Cover Story: Ready, Set ... Go

Walk the NACS Show with Purpose using our guide to spotting the season's biggest trends

The time of year has come ... to be one of the few people wearing sensible shoes in as Vegas.

But really, as you walk the NACS Show or any other industry event, do you know what you're looking for, or how to look for it?

The next big thing is lightning in a bottle--as precious as it is elusive. To avoid milling around hoping said bottle falls from the sky, it's important to understand what makes a trend a trend--and the likelihood of you making bank on it.

"A trend changes every single day, says Christine Keller, who tracks trends for a living. "It's like a tornado, and what's really going to stick--it's hard to say. But if you start plotting trends, marking them and seeing them move, it's a little bit easier to see."

Keller is director of the trend practice at CCD Innovation, an Emeryville, Calif.-based consultancy with clients in the CPG and foodservice realms. Keller and her colleagues follow trends an help their clients turn them into tangible products based on the strength of the trend and the client's tolerance for risk.

In short, they put method to Cronut madness, sense to sriracha mania.

Keller shared with Convenience Store Products the steps involved in tracking a trend and determining if it's right for one's business, as well as how to navigate a show filled with people promising lightning in a bottle. Armed with that knowledge, we applied her advice to c-store product trends in the hopes of helping you take some ideas to the bank at the NACS show and beyond.

The Anatomy of a Trend

There are two parts to CCD Innovation’s trend analysis: plotting it on a five-stage trend map based on its prevalence in our culture, and then defining the “anatomy” based on its “drivers,” “resonators” and “activators.”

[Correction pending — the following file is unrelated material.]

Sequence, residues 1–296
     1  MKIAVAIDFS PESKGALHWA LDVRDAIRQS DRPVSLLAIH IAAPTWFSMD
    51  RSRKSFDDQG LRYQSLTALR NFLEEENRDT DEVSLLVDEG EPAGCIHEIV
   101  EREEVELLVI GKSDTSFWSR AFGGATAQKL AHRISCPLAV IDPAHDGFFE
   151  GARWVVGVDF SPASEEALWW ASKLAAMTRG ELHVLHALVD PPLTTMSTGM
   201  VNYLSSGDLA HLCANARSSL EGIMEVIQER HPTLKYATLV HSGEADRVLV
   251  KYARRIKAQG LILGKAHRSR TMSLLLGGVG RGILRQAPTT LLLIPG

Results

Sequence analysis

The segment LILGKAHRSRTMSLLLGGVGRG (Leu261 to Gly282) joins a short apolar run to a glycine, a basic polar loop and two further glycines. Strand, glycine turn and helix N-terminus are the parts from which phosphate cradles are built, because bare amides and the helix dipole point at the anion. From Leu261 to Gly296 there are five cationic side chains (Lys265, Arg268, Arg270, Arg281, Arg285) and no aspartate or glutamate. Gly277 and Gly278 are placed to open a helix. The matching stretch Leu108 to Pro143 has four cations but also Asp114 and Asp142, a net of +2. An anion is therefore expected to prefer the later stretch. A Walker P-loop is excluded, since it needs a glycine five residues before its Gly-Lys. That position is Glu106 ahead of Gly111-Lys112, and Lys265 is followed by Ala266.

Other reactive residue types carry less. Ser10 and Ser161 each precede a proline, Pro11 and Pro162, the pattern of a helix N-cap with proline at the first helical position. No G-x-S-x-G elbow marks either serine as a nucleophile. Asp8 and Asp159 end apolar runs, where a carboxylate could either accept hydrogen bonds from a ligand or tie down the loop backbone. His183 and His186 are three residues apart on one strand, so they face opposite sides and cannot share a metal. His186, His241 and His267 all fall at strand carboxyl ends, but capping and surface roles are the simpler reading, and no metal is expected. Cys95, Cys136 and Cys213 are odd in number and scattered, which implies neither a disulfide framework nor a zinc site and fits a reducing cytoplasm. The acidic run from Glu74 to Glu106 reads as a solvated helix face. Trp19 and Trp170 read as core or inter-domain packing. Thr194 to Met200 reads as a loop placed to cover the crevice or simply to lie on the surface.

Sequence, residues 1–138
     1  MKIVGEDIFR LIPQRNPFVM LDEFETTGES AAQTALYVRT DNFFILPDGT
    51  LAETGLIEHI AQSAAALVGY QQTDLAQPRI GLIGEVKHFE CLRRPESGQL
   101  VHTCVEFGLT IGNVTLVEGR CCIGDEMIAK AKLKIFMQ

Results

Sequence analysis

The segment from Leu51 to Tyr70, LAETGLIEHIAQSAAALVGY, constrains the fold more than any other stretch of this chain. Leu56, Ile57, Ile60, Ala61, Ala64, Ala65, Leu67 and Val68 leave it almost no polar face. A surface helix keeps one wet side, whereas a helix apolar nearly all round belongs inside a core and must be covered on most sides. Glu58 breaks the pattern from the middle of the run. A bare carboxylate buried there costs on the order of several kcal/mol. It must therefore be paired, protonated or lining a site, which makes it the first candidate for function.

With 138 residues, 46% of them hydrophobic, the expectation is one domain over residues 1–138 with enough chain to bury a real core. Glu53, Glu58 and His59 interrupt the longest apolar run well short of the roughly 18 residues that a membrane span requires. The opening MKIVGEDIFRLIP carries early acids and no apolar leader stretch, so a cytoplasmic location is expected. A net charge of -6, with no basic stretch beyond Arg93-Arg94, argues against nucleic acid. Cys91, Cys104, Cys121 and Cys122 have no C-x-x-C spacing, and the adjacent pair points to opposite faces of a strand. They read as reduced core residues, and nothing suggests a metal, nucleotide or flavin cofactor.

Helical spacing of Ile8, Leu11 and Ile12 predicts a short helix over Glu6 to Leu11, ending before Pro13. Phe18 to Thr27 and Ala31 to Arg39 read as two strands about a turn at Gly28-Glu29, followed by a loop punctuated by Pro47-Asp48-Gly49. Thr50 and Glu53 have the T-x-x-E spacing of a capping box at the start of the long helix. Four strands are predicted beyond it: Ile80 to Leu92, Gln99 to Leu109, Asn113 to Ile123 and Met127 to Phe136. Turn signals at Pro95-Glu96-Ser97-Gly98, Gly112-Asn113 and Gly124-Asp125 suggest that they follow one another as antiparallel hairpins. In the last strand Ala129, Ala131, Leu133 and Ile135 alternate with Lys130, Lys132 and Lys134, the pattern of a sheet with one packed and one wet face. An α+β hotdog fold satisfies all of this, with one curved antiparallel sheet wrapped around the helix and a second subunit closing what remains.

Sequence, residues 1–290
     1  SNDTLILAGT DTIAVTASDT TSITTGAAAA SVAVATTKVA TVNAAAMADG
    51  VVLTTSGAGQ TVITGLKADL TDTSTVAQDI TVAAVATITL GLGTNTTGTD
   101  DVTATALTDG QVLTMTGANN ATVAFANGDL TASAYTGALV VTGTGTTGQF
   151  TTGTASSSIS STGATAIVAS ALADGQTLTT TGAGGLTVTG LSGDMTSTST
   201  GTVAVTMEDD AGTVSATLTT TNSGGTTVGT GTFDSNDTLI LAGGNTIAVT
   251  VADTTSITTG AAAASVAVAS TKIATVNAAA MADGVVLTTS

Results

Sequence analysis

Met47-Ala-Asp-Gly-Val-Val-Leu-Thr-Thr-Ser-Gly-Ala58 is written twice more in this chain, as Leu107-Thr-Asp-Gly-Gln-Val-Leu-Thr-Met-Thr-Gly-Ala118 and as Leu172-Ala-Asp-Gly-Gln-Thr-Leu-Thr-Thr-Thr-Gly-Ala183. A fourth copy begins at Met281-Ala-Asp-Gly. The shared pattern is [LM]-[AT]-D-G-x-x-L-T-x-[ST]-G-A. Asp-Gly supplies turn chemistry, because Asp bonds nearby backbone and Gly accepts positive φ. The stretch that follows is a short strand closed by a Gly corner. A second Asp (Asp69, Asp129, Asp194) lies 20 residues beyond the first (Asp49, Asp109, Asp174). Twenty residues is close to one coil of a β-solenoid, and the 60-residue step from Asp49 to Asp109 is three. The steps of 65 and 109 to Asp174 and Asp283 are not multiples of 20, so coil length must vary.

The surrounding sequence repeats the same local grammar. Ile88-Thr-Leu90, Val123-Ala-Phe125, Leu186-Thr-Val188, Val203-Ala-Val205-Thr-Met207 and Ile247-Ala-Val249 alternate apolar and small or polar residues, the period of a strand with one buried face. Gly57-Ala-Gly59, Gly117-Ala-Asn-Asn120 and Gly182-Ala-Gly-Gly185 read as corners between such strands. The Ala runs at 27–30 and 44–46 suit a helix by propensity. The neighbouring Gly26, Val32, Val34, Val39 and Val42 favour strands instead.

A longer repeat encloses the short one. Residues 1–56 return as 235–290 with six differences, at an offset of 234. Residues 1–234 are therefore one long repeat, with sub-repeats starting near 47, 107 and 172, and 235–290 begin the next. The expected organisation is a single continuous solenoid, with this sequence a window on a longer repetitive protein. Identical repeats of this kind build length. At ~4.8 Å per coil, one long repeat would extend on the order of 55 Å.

But first, the map—which really looks more like a spectrum. Stage one is the inception of a trend, when it appears at artisan shops and fi ne-dining and ethnic restaurants and is talked about among those whom Keller calls the “passion players.” Stage two comes when the trend pops up in gourmet food magazines and specialty retail stores.

“A small group of people who are really pushing ideas are exposed to the trend at stages one and two,” says Keller, who adds that some trends stop at stage two—not that it means it was a failure (more on that later). Those trends that persevere arrive in stage three once they show up at chain restaurants and on the Food Network. Stage four occurs within mainstream women’s magazines, and stage five is when the trend makes it to quick-service-restaurant menus and traditional grocery stores—mainstream ubiquity.

“Some clients like to look at stage one, but most clients, particularly CPG, will start looking at things in stage three because that’s when it starts to show signs it can catch on in the mainstream,” says Keller.

Beyond its placement on the map, a trend also has an anatomy that helps you understand its audience and longevity. That anatomy has three parts:

  • ­Drivers are the sweeping social and cultural platforms that propel a trend. Health and wellness, flavor, indulgence and convenience are all drivers, as are smaller elements such as sustainability.
  • Resonators are the reasons why those drivers are important to the consumer. Health resonates because it’s important; adventurous flavors resonate because they are fun; sustainability resonates on a level of personal identity and responsibility. “Why are consumers catching on to this, what’s the need that they’re having, how are they internalizing it and using it in their lives?” Keller says of resonators.
  • Activators are the people and companies that bring trends to the public. Each stage has activators, be it Guy Fieri in stage three or General Mills in stage five.

From here, you can begin connecting the dots between a trend and its many drivers and resonators.

“The more drivers and resonators a trend has, the stronger it is. And then those activators start making it come alive and move down the map,” says Keller. (See the charts below for a visual example of trend mapping and anatomy.)

How long it takes for a trend to go from stage one to five all depends on its activators and resonators. Keller cites the example of açaí. It took about 10 years for the superfruit to hit the mainstream, starting with $435,000 in sales of products featuring açaí in 2004 and skyrocketing to $130 million in 2011.

But the average pace from stage one to five is accelerating, thanks to technology and our culture’s desire to share, pin, post and tweet. Craft cider took two years to leap from stage two to five, propelled by major brands expanding what resonates for a wide spectrum of people: the gluten-intolerant, females wishing for an alternative to beer, and craft-beer drinkers desiring a less hoppy yet high-quality alternative of their own.

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